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Oily yeasts have been described to be able to accumulate lipids up to 20% of their cellular dry weight. These yeasts represent a minor proportion of the total yeast population, and only 5% of them have been reported as able to accumulate more than 25% of lipids. The oily yeast genera include Yarrowia, Candida, Rhodotorula, Rhodosporidium, Cryptococcus, Trichosporon, and Lipomyces. More specifically, examples of oleaginous yeasts include the species: Lipomyces starkeyi, Rhodosporidium toruloides, Rhodotorula glutinis, and Yarrowia lipolytica. Yeast do exhibit advantages for lipid production over other microbial sources, namely, their duplication times are usually lower than 1 h, are much less affected than plants by season or climate conditions, and their cultures are more easily scaled up than those of microalgae. Additionally, some oily yeasts have been reported to accumulate oil up to 80% of their dry weight and can indeed generate different lipids from different carbon sources or from lipids present in the culture media. Thus, they can vary their lipid composition by replacing the fatty acids present in their triglycerides. Due to the diversity of microorganisms and growth conditions, oily yeasts can be useful for the production of triglycerides, surfactants, or polyunsaturated fatty acids.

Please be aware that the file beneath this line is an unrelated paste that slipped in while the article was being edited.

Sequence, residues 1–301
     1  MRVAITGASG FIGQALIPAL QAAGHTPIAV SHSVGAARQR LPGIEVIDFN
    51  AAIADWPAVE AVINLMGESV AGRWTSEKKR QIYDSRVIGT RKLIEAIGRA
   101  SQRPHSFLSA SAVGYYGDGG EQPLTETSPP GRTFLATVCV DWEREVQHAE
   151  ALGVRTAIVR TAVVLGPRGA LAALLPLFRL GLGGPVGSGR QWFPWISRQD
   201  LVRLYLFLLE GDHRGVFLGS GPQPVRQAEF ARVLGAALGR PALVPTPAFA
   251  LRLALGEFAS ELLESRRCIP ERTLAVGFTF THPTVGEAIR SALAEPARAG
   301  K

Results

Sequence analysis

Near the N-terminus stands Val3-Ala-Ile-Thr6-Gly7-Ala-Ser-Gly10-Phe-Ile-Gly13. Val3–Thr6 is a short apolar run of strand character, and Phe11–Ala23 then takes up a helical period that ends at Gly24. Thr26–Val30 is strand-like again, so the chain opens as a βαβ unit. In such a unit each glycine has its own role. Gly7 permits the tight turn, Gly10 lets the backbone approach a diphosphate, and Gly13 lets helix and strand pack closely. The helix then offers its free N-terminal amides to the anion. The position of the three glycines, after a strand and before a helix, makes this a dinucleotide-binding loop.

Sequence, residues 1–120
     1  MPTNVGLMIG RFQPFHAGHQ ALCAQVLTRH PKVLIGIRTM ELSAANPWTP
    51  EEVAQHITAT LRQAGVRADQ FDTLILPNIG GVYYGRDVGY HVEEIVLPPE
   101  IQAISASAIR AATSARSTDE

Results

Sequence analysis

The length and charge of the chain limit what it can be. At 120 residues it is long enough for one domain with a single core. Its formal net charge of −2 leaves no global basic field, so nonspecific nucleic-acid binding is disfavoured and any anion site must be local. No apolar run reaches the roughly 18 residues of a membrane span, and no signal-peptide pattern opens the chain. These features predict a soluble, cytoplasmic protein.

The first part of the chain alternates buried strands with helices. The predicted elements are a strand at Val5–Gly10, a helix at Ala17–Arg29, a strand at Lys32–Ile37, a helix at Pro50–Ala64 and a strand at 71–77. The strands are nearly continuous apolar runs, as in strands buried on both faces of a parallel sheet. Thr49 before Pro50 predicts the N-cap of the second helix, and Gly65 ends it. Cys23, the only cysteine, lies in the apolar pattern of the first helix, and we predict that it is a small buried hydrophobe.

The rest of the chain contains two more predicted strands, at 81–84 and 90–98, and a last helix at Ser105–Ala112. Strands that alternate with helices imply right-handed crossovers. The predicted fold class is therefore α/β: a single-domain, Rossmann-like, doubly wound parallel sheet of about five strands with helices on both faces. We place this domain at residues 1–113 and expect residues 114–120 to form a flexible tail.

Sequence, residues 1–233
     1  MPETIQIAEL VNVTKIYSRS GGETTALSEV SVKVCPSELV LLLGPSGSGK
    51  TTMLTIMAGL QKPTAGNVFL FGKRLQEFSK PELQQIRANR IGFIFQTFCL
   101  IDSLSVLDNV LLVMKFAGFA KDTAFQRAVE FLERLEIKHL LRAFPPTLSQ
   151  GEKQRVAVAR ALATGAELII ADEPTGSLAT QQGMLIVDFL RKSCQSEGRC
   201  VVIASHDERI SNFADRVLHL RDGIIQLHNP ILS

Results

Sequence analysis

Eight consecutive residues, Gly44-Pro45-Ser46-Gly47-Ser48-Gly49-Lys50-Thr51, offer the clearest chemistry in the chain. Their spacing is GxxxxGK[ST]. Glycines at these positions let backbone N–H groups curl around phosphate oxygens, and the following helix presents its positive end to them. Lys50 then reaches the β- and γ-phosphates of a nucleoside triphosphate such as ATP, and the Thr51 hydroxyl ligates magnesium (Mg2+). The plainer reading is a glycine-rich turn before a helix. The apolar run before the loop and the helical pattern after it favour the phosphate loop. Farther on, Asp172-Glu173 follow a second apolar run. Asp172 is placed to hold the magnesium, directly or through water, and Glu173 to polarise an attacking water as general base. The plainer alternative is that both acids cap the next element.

Department of Microbiology and Parasitology, Faculty of Pharmacy, University of Santiago de Compostela, Campus Sur, 15782, Santiago de Compostela, Spain.
This article was published in the following journal.
Name: Applied microbiology and biotechnology
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An area showing altered staining behavior in the nucleus or cytoplasm of a virus-infected cell. Some inclusion bodies represent "virus factories" in which viral nucleic acid or protein is being synthesized; others are merely artifacts of fixation and staining. One example, Negri bodies, are found in the cytoplasm or processes of nerve cells in animals that have died from rabies.
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